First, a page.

- General physics textbooks

R. D Knight, B. Jones, S. Field: “Fondamenti di fisica: un approccio strategico” ed. Piccin – Nuova Libraria (2017). ISBN 882-99-2790-2

R. Wolfson: “Fisica” (Vol. 1) ed. Pearson Paravia – Bruno Mondadori S.p.A. (2008). ISBN 887-19-2429-0

D. Halliday, R. Resnick, J. Walker: “Fundamentals of physics – fourth edition” John Wiley and sons, Inc. (1993). ISBN 0-471-57578-X (or subsequent editions).

- Textbooks of physics for biomedical faculties

D. Scannicchio, E. Giroletti: “Elementi di fisica biomedica” ed. EdiSES (2015). ISBN 978-88-7959-887-3

F. Borsa, A. Lascialfari: “Principi di Fisica per indirizzo biomedico e farmaceutico”, seconda edizione, ed. EdiSES (2014). ISBN 978-88-7959-816-3.

- Textbooks with solved exercises and problems of general physics

J. R. Gordon, R. V. McGrew, R. A. Serway, J. W. Jewett, Jr. “Esercizi di fisica. Guida ragionata alla soluzione”ed. EdiSES (2010). ISBN 978-88-7959-556-8.

C. del Papa, M. P. Giordani, G. Giugliarelli “Problemi di fisica con soluzione: meccanica-termodinamica-gravitazione” ed. Casa Editrice Ambrosiana (2014). ISBN 978-88-08-18738-3.

- Textbooks with solved exercises of biomedical physics

R. Cerbino “Problemi di fisica biomedica” ed. EdiSES (2019). ISBN 978-88-33-19039-6

- Additional didactic materials

All the didactic materials utilized in class (slides, schemes, films) will be uploaded on the e-learning website promptly after the lectures in which they will be exploited, together with a synopsis of the main contents and learning goals of the pertaining lecture.

Once fixed the lectures timetable, the detailed program of the topics treated in each lecture will be promptly published on the e-learning website, each semester.

To favor the acquisition of prerequisites by all students, a short compendium of basic notions of mathematics and physics will be also uploaded on the e-learning platform before the beginning of the course.

The detailed solutions to the problems afforded during the exercitations will be uploaded on the e-learning platform readily after each exercitation lecture.

After the completion of each topic, a wide panel of exemplary exercises similar to those used in the written exams on this topic will be also provided on the platform. The solutions to these exercises will be loaded after one month, in order to allow the students to test their preparation autonomously and check ex-post the correctness of their answers.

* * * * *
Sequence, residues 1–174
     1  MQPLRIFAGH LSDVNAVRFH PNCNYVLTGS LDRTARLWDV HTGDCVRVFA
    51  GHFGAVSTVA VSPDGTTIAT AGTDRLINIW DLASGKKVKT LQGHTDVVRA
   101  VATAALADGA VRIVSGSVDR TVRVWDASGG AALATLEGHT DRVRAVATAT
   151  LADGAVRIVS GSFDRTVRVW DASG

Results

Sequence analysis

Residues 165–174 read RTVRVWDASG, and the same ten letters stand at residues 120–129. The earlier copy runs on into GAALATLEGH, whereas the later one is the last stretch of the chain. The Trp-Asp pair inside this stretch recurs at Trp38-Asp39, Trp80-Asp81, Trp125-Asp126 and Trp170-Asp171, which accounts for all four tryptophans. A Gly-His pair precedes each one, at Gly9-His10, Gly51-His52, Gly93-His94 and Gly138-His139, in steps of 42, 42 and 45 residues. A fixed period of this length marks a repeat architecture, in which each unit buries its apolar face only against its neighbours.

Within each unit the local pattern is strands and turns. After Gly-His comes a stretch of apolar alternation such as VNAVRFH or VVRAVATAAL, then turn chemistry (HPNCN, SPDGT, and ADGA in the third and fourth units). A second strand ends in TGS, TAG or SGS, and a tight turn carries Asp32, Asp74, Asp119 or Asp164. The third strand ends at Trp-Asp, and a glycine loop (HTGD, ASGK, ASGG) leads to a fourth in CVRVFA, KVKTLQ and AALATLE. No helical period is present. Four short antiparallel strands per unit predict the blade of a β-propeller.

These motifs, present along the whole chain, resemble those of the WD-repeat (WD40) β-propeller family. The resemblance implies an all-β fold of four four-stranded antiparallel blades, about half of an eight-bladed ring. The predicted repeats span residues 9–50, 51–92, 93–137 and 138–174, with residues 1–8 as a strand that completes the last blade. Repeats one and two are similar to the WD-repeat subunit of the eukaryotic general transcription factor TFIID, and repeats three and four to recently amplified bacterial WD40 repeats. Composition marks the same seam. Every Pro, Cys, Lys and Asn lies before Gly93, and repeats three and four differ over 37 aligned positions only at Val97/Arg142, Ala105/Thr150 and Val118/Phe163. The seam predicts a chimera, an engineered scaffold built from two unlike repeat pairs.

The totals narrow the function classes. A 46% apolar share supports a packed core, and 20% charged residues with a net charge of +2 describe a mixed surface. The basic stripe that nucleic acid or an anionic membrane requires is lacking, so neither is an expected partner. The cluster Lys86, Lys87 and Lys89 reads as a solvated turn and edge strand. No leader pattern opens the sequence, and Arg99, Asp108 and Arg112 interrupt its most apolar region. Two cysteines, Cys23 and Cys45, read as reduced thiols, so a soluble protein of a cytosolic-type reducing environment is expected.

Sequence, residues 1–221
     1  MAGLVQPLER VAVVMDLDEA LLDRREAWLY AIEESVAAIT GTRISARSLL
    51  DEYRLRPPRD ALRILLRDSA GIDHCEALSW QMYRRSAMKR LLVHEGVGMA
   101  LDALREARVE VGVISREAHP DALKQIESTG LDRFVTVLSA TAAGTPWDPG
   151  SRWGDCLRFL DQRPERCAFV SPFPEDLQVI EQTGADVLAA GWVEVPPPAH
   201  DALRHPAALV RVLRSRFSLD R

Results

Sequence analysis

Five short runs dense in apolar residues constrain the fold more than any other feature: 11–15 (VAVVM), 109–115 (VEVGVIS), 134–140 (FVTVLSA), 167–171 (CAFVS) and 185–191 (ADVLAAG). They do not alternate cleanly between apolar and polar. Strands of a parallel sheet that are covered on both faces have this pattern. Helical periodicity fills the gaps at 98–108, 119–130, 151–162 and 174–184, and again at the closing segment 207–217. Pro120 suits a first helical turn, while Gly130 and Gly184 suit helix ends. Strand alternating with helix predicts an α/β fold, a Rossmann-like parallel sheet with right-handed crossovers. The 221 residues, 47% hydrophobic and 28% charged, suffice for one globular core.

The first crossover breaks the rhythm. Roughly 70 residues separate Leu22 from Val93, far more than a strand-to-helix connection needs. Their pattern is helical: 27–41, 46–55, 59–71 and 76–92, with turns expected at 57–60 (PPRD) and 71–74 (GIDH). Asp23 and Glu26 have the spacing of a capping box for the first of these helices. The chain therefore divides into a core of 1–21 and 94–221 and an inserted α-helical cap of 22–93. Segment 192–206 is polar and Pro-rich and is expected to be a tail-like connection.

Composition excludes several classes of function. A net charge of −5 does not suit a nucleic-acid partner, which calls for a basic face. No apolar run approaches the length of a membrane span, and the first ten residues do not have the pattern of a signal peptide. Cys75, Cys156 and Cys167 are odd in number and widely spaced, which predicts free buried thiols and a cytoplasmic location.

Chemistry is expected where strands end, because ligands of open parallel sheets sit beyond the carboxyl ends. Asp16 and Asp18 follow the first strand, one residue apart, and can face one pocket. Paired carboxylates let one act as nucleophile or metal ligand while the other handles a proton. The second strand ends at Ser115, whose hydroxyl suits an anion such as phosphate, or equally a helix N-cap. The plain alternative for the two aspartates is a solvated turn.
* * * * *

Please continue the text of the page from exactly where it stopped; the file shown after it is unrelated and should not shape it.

The instructions to download the free mobile phone application for the online tests will be provided during the first lecture.

The purchase of the textbook “Principi di Fisica per indirizzo biomedico e farmaceutico” gives right to access also the online version of the book, with notes and comments of the teacher.

The course is based on the alternation of theoretical lectures and practical exercitations. During theoretical lectures, the main teaching method will be frontal lectures. However, critical and active participation of the students will be fostered by recurring to brain storming activities and involving the students in problem solving activities individually as well as in small groups.

For frontal lectures, the teacher will use:

- Animated logical schemes

- Slide presentations

- Films made by the teacher himself, aimed mainly to amend to the absence of lab activities

During the course, on a voluntary basis, some tests to be completed at home will be administrated to the students using a dedicated, free mobile-phone application.

Four experimental assignments will be also proposed, to be executed individually or in small groups.

During exercitations selected problems excerpted from the advised textbooks (vide infra) will be solved.

The teacher can be contacted by e-mail or by phone at the number 031 238 6272

Once fixed the lectures timetable, the teacher will fix one hour to receive students weekly by appointment at the building of via Monte Generoso, in Varese. The teacher is anyway always available to receive students by appointment at his office in Como, via Valleggio 11.